On Saint-Venant's principle and the state transfer matrix method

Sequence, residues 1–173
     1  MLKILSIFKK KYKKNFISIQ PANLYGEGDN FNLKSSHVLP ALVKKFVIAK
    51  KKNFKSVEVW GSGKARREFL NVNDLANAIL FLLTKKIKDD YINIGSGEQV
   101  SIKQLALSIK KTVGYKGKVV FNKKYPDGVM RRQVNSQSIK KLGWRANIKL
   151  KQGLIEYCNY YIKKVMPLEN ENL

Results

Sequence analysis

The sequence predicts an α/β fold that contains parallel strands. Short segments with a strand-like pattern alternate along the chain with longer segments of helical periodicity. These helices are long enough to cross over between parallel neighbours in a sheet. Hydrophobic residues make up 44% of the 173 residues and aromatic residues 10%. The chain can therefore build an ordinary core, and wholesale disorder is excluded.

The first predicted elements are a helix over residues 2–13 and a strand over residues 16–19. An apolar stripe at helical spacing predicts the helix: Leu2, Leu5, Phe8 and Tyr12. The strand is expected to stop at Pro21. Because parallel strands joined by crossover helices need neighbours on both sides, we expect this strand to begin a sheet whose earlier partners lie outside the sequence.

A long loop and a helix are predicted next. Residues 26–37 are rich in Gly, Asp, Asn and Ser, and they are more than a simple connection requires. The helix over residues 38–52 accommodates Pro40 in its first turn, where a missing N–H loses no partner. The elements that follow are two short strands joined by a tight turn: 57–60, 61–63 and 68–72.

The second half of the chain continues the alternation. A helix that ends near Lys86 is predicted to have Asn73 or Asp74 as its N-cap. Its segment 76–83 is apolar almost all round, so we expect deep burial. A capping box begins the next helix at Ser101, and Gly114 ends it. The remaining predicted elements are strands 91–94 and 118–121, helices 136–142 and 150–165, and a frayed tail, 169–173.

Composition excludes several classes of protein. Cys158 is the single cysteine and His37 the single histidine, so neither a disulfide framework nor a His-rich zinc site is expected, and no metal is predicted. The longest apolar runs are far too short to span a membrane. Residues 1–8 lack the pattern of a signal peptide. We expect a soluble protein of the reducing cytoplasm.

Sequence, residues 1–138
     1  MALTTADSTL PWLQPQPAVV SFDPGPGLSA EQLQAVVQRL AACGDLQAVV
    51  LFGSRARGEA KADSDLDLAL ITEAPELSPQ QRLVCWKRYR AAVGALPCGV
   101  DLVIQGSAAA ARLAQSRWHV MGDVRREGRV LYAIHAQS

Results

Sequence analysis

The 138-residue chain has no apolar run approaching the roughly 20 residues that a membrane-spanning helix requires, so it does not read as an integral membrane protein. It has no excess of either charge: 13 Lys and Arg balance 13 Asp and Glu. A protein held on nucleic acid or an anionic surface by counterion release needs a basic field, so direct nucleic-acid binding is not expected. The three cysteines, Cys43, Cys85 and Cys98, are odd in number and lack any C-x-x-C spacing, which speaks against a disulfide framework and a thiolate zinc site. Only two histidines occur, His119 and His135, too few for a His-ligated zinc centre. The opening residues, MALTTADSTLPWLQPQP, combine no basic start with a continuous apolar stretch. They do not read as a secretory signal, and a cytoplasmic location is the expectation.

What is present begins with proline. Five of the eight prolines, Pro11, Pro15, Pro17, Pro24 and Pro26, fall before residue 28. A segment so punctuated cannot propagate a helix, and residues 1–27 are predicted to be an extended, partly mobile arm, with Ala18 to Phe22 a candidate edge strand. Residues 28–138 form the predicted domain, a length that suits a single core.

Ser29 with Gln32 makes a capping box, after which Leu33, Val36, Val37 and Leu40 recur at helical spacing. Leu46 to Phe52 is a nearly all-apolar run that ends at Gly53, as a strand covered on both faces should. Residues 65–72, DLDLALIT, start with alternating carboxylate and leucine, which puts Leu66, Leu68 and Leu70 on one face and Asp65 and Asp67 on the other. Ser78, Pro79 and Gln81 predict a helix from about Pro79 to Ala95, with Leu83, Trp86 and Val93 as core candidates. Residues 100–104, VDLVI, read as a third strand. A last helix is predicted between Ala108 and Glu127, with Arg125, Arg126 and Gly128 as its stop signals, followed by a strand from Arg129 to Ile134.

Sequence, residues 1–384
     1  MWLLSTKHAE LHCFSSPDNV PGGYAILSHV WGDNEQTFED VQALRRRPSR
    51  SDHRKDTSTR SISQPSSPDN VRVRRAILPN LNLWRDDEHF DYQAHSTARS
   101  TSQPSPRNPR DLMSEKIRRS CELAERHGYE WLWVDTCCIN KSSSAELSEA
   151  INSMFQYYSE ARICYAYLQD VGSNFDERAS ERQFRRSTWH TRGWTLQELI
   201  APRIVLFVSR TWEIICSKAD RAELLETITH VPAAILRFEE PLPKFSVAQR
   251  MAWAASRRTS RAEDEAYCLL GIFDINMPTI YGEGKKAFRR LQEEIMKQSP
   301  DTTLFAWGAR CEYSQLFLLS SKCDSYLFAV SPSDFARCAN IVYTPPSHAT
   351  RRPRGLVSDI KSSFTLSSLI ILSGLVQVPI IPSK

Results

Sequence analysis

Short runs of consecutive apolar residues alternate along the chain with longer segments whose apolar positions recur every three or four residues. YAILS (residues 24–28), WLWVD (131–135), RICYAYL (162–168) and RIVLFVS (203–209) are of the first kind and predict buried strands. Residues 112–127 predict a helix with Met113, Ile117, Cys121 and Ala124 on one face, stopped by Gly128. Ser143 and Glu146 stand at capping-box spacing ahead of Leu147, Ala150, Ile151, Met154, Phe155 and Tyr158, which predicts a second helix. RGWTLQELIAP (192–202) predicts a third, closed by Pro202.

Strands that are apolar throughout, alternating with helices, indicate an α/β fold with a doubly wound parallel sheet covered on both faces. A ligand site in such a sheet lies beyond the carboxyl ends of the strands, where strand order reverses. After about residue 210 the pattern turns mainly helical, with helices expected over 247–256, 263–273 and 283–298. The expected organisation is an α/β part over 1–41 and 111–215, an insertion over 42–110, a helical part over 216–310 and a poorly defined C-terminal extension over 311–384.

Three exact solutions are considered, within the context of the linear mathematical theory of elasticity, pertaining to the decay of self-equilibrated end loading for a class of geometries based upon polar coordinates. For a curved plane beam, an eigen-equation is derived, whose roots determine the rates of decay and degenerate to the Papkovitch-Fadle solution for the plane strain strip when the beam centre-line radius of curvature approaches infinity; this shows that the decay rates are largely insensitive to the beam curvature except for very small inner radius. For the plane and anti-plane elastic wedge, subjected to self-equilibrated loading on the inner or outer arcs, radial variation of stress is affected by a combination of free-edge stress interference and the convergent or divergent geometry. When the load is applied to the inner arc, the two effects act in concert in which case decay is assured; when the load is applied to the outer arc, the two effects act in opposition, and Saint-Venant’s principle (S.V.P) ceases to be applicable for wedge angles 2α > π for symmetric loading and anti-plane deformation, and 2α > 257º for asymmetric loading. It is concluded that the crack tip stress singularity, which is at the heart of Linear Elastic Fracture Mechanics, is attributable to the failure of S.V.P. for just one particular eigenmode for the wedge angle 2α = 2 π. A Finite Element-Transfer Matrix Method is developed for determination of decay rates of self-equilibrated end loading for frameworks and continuum prismatic beam of arbitrary cross-section. Nodal displacements and forces on either side of a repeating cell are considered as state variables and are related by a cell transfer matrix. Assuming consecutive state vectors to be related by a constant multiple λ leads directly to an eigenvalue problem; the decay factors, λ, are the eigenvalues of the symplectic transfer matrix. Eigenvalues occurs as reciprocal pairs (that is, if λi is an eigenvalue then so is 1/ λi) according to whether decay is from left to right or vice-versa. The multiple eigenvalues λi = 1/ λi = 1 are associated with the rigid body eigenvectors and their related principal vectors which describe the force transmission modes. The matrix of eigen-and principal vectors then forms a similarity matrix which transforms the original transfer matrix into Jordan canonical form. Both bi-orthogonality and symplectic adjoint orthogonality properties of the eigenvectors allow modal decomposition of an arbitrary end load. As a by-product of the method, it is possible to determine exact ‘continuum’ beam properties of the framework, which is useful in preliminary design work. The method is applied to the important case of a beam of rectangular cross-section for a wide range of aspect ratios. The Transfer Matrix Method is modified to become the Force or Displacement Transfer Matrix Method, which has the advantage of reducing in size the original transfer matrix by one half, and overcomes numerical ill-conditioning. Accuracies of all the developed methods are found to be very good when compared with available exact solutions.